BOILING SPRING LAKES – The rain did not interrupt them as they squatted down, jabbing through thick brush and muddy soil with their trowels.
The sporadic, short-lived rain showers Monday morning in Boiling Spring Lakes were a welcome respite from the swelling morning temperatures that would reach 91 degrees by afternoon.
Rain nor clouds, heat nor shine will stop impending utility construction along the shallow ditch bed in which a group of volunteers fervently worked to dig up as many Venus flytraps as they could for replanting far from the roadside on which they’d sprouted by the hundreds.
Development and lack of burning, a management tool crucial to flytrap habitat, have created population decline of the rare, arguably bizarre yet totally fascinating, carnivorous plants that occur naturally only within a 75-mile radius around Wilmington.
In this small Brunswick County city roughly 8 miles northwest of Southport, Venus flytraps have migrated to ditches alongside roads that were built years ago to accommodate new housing.
These spots offer the wet, open habitat flytraps require to grow and thrive, unlike the areas from which they migrated that are now overgrown by trees and shrubs that filter the sunlight the low-to-the-ground flytraps need.
Efforts to protect the flytraps’ roadside refuge have prompted the city to take over managing street-side mowing in areas that would otherwise be handled by the North Carolina Department of Transportation.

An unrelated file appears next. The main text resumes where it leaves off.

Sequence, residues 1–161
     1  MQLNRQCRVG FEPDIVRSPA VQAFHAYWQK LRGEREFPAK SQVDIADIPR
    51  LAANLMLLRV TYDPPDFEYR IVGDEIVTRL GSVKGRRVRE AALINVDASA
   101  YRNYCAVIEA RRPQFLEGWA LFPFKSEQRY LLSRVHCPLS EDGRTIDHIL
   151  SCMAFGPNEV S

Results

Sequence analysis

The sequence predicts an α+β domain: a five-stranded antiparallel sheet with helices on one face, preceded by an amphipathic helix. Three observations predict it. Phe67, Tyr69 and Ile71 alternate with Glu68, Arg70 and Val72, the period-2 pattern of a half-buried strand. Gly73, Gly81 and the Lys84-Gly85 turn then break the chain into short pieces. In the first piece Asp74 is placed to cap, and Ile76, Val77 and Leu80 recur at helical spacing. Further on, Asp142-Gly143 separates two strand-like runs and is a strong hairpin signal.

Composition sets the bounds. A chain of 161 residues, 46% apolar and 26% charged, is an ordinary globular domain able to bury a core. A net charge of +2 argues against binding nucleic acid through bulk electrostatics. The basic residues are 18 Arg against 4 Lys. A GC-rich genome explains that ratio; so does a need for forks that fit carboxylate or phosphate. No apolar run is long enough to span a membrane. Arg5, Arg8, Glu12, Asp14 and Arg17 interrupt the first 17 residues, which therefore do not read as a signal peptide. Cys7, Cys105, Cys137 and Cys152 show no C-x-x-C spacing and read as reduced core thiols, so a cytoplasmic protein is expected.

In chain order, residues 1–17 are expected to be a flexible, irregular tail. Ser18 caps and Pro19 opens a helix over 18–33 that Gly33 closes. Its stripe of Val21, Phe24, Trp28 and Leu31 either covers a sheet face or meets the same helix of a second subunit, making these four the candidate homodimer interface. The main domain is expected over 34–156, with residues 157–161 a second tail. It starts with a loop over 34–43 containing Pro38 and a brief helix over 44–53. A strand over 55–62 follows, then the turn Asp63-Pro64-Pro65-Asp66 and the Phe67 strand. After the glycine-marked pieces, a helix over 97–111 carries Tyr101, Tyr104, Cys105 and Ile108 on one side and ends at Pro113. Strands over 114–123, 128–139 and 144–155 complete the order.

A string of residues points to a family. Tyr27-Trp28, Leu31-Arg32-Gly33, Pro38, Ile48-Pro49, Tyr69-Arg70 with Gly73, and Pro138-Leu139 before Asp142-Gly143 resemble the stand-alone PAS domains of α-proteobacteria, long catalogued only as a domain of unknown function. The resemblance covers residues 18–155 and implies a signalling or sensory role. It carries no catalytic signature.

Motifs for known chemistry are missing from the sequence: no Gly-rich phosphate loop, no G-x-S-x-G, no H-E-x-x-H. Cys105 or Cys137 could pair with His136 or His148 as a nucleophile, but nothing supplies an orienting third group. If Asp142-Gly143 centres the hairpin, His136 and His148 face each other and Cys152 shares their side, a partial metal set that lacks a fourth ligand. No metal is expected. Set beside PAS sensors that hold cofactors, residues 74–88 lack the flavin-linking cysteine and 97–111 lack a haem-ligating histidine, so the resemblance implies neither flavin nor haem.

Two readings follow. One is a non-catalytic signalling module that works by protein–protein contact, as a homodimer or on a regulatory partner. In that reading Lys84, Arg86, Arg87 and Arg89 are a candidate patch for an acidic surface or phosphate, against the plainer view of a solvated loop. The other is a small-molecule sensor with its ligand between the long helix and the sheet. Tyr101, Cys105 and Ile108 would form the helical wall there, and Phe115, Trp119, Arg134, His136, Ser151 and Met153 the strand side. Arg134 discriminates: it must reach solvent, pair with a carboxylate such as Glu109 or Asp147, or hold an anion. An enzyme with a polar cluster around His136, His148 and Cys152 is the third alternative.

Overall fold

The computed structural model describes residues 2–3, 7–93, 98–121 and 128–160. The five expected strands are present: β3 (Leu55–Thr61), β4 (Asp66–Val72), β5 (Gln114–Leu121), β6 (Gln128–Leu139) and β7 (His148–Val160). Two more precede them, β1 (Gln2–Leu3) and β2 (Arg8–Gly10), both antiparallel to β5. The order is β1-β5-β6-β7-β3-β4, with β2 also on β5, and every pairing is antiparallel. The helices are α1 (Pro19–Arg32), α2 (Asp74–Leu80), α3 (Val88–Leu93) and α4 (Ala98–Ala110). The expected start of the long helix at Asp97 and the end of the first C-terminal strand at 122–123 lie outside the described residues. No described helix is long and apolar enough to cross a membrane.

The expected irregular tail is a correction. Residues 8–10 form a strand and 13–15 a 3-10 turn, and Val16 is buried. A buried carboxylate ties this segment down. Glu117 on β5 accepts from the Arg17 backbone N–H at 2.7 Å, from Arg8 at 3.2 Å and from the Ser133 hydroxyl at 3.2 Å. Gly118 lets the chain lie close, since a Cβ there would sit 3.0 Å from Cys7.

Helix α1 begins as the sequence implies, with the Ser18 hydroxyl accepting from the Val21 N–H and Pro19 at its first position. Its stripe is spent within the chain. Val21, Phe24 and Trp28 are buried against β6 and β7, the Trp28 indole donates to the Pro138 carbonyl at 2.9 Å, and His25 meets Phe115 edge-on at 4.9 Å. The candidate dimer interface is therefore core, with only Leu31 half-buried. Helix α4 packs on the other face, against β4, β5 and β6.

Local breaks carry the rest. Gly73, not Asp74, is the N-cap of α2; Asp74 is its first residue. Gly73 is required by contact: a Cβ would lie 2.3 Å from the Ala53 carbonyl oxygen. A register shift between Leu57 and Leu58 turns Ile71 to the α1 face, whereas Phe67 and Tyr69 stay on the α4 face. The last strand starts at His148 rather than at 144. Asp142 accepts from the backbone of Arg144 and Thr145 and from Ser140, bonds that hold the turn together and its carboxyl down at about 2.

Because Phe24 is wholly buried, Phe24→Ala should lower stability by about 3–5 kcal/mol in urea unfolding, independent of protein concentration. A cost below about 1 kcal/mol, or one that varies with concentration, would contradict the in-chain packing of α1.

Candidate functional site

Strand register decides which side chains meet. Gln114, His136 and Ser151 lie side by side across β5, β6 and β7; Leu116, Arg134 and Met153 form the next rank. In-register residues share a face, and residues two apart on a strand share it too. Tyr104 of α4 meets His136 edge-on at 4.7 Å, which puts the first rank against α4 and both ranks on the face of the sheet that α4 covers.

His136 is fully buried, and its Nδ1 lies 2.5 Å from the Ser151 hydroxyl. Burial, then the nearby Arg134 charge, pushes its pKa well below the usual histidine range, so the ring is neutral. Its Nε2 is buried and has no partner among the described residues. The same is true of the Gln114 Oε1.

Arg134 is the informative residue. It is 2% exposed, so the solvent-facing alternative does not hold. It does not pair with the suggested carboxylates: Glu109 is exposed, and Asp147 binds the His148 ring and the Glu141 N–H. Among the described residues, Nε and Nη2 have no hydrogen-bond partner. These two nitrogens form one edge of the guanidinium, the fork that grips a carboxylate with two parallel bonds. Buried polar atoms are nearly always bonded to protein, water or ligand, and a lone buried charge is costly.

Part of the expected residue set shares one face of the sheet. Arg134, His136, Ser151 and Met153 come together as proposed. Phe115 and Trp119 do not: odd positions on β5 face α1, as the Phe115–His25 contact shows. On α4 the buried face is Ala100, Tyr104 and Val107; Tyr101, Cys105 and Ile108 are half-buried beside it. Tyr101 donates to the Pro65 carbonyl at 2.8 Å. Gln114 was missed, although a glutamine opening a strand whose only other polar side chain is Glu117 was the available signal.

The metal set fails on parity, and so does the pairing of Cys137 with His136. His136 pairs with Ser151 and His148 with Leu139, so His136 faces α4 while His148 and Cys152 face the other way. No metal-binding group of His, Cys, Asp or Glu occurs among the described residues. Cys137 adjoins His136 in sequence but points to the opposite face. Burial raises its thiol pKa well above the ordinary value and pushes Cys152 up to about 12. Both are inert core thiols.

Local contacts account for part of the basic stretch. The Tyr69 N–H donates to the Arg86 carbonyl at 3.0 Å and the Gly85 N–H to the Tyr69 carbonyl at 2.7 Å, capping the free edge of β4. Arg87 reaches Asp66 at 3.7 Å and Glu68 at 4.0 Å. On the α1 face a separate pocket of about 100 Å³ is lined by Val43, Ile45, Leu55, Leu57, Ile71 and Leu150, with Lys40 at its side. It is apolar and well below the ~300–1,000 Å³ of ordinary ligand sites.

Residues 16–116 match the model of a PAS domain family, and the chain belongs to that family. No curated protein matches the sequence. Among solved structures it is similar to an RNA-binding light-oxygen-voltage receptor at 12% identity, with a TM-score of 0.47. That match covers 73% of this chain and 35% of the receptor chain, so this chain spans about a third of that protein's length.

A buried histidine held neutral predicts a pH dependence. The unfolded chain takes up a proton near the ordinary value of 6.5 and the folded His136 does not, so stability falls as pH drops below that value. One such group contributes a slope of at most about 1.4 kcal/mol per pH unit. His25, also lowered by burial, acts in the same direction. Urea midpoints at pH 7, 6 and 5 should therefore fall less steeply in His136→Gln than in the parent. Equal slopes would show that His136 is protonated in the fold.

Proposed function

Now there’s interest to build houses on the vacant wooded lots where the plants once grew. Soon utility crews will begin digging up the areas to install water and sewer lines.
“We’re running out of time,” said Tyler Gramley, vice president of the North American Sarracenia Conservancy board of directors and volunteer. “Hopefully we’ll be able to get them all. The more you look the more there are. It’s great. It’s all great.”
Gramley crouched down to assist others who were gingerly digging underneath flytraps and pulling them up, the plants’ roots concealed in clumps of soggy, black soil.
Many of the volunteers were repeat flytrap retrievers who’d shown up more than a week earlier to remove and replant plants along a different roadside.
The group of about 12 volunteers – young and old(er) – were city residents, conservationists, business owners and out-of-towners lending their time, knees and backs to give the plants considered in North Carolina a “species of concern” a chance at survival.
“We have the largest population (of Venus flytraps) per capita with humans living among them,” said Stephanie Bodmer, owner of The Boiling Spring Lakes Motel. “We live with them. We work to preserve them.”
Bodmer is the volunteer coordinator of the flytrap relocation effort, one spurred by Julie Moore, a woman whose life’s work has centered on habitat protection.
Moore, a retired endangered species biologist who started Venus Flytrap Champions to assist property owners and managers in the Carolinas in caring for flytrap populations, was running late Monday morning. An accident on Interstate 40 left her sitting in highway gridlock as she traveled from her home in Raleigh to Boiling Spring Lakes.